Program Evaluation: Assessing the design and effectiveness of CEDAM’s AmeriCorps program

Written by Madeleine March-Meenagh, program analyst

Program evaluations can take on many forms, but they all serve the same fundamental purpose: to see what’s working and what can be done to improve. (Sometimes they can even help us check off a funding requirement!) Every three years, CEDAM reevaluates its AmeriCorps State program for all of those reasons—and in 2020, they hired me to do their evaluation. 

At the time, I was a first-year graduate assistant for Michigan State’s Master of Public Policy Program (conveniently) taking a course on program evaluation. It was through that course, and a well-timed class presentation by CEDAM’s Rachel Diskin, that I learned about CEDAM’s AmeriCorps evaluation needs. CEDAM’s relationship with our program is mutually beneficial; MPP candidates have the opportunity to fulfill course requirements with real-world experience while CEDAM can trust its evaluation is carried out by someone with access to expert training and guidance. 

After consulting previous evaluations on the program and administrative data, we decided to re-evaluate program design and implementation. In other words: was the design of the program sound and was the program being implemented according to that design?


CEDAM’s AmeriCorps State program design primarily relies upon the assumption that financial education interventions positively impact client financial behavior. Research is vast and varied but effectiveness seems to largely rely on implementation, target population served, and program design. Because client demographic data is not collected uniformly across sites, we were unable to evaluate how target population served may impact program effectiveness. However, the FDIC Money Smart curriculum and structure underpinning the program design seemed to align with commonly accepted best practices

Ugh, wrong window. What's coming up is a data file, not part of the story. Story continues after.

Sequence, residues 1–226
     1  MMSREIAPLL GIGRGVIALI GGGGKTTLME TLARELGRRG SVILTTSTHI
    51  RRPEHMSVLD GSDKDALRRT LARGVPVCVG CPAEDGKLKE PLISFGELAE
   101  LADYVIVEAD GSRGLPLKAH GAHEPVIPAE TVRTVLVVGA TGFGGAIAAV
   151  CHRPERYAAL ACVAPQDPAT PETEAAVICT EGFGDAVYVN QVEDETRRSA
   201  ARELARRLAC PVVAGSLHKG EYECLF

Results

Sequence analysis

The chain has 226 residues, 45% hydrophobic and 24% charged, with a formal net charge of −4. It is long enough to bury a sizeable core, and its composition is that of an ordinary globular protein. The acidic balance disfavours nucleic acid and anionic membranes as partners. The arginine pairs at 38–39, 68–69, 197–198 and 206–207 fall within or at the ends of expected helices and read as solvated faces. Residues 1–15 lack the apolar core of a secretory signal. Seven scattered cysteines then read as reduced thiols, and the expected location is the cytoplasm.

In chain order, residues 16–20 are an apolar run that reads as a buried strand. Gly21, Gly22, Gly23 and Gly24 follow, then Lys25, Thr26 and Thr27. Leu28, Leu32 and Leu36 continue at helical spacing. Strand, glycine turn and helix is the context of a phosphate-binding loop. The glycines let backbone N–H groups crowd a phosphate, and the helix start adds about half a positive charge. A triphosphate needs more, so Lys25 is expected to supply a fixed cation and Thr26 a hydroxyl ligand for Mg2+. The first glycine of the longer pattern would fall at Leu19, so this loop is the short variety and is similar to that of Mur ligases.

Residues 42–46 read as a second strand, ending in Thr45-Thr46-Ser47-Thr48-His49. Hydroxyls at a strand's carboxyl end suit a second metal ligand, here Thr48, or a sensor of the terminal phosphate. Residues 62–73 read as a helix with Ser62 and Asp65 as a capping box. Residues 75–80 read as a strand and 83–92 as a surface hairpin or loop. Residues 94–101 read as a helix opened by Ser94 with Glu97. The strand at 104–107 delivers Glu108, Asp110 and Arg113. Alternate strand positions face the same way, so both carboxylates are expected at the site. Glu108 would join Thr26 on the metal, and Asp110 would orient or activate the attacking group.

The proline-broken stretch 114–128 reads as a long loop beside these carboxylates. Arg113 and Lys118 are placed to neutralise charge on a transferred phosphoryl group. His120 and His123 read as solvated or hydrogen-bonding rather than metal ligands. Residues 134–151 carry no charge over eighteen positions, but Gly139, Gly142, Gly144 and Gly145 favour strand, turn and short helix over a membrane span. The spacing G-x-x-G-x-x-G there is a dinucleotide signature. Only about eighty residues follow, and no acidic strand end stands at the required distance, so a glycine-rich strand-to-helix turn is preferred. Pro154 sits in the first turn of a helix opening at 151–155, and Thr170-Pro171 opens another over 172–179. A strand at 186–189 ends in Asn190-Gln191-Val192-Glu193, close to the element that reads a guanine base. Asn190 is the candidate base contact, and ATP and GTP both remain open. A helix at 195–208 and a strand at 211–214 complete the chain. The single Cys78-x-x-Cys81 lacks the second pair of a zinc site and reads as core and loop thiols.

Satisfied that the program design reflected best practice in theory, we turned to consider program implementation in practice. The evaluation aggregated data in two phases: 

1) surveys for each member and supervisor; and 

2) follow-up one-on-one interviews with each member and supervisor. 

Because we started evaluating the program last March as Michigan communities started shutting down in response to the emergence of COVID-19,  the AmeriCorps State program’s day-to-day implementation had shifted significantly from its status quo. While this certainly affected the data collected during the course of the evaluation, the pandemic appeared to magnify pre-existing themes more than generate new issues. 

Results from the evaluation indicated that improved 1) communication and 2) program/host site understanding are both key to more successful program implementation. Our recommendations spanned from host site applications all the way to further evaluation:


In the end, my colleague and I gained invaluable experience to ground our academic training, and CEDAM received a comprehensive evaluation replete with recommendations on the next steps they can take. If you’re looking to evaluate a program of your own, consider reaching out to your local higher education institution to see if they offer a course in evaluation—or #GoGreen and reach out to MSU MPP.  

Keep an eye out for our next blog post about important considerations for your own in-house evaluation!